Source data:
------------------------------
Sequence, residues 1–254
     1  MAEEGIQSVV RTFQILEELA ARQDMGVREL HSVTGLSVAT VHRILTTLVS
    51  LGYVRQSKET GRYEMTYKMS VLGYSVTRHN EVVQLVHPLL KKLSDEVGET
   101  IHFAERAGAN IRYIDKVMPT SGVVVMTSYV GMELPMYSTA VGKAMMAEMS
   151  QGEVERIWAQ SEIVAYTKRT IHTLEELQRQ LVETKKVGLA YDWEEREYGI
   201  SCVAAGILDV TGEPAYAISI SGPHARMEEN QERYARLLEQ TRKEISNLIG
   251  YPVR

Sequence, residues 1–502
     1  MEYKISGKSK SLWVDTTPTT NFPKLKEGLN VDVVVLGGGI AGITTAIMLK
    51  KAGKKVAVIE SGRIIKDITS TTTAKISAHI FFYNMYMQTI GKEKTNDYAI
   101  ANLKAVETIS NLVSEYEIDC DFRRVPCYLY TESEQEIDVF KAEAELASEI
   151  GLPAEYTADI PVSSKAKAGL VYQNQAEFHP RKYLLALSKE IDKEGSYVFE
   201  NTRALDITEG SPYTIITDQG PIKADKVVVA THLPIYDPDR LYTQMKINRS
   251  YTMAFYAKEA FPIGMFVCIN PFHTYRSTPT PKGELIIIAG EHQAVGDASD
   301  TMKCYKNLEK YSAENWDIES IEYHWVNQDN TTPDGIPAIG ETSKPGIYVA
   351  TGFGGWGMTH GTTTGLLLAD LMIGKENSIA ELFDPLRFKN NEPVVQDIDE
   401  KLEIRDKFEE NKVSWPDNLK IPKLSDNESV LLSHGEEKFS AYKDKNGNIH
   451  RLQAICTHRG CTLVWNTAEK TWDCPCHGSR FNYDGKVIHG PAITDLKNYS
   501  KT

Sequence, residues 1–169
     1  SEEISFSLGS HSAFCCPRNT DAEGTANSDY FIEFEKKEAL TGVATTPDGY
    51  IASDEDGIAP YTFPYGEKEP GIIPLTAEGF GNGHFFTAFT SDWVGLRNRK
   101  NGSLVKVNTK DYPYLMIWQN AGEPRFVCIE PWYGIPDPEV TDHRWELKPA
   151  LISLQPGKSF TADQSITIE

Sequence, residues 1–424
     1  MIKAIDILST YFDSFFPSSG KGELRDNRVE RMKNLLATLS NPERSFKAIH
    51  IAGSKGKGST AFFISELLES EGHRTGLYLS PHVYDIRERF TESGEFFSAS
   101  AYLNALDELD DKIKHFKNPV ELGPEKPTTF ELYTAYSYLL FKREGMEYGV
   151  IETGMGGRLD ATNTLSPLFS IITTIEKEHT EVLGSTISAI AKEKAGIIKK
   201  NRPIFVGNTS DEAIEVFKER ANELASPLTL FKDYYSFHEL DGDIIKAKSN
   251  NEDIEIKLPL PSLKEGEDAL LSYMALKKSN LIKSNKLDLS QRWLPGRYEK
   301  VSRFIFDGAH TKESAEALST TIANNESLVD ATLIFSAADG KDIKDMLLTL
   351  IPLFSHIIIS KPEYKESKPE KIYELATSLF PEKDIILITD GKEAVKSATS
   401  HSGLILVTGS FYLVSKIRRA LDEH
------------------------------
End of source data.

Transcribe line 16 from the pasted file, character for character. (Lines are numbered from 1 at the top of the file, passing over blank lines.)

   351  TGFGGWGMTH GTTTGLLLAD LMIGKENSIA ELFDPLRFKN NEPVVQDIDE